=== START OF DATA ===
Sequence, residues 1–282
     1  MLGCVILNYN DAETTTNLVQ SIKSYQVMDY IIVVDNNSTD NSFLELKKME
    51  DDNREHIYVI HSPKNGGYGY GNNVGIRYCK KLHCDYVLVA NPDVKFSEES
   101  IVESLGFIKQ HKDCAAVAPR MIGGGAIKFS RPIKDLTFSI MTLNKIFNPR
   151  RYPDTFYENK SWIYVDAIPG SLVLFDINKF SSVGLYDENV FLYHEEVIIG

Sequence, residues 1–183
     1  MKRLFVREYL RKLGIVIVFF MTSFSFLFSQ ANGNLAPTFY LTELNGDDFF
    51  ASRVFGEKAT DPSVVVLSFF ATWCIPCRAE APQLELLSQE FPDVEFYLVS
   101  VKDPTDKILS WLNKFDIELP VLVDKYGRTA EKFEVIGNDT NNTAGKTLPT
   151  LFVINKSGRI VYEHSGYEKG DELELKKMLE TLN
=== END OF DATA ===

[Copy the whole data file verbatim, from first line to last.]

Sequence, residues 1–282
     1  MLGCVILNYN DAETTTNLVQ SIKSYQVMDY IIVVDNNSTD NSFLELKKME
    51  DDNREHIYVI HSPKNGGYGY GNNVGIRYCK KLHCDYVLVA NPDVKFSEES
   101  IVESLGFIKQ HKDCAAVAPR MIGGGAIKFS RPIKDLTFSI MTLNKIFNPR
   151  RYPDTFYENK SWIYVDAIPG SLVLFDINKF SSVGLYDENV FLYHEEVIIG

Sequence, residues 1–183
     1  MKRLFVREYL RKLGIVIVFF MTSFSFLFSQ ANGNLAPTFY LTELNGDDFF
    51  ASRVFGEKAT DPSVVVLSFF ATWCIPCRAE APQLELLSQE FPDVEFYLVS
   101  VKDPTDKILS WLNKFDIELP VLVDKYGRTA EKFEVIGNDT NNTAGKTLPT
   151  LFVINKSGRI VYEHSGYEKG DELELKKMLE TLN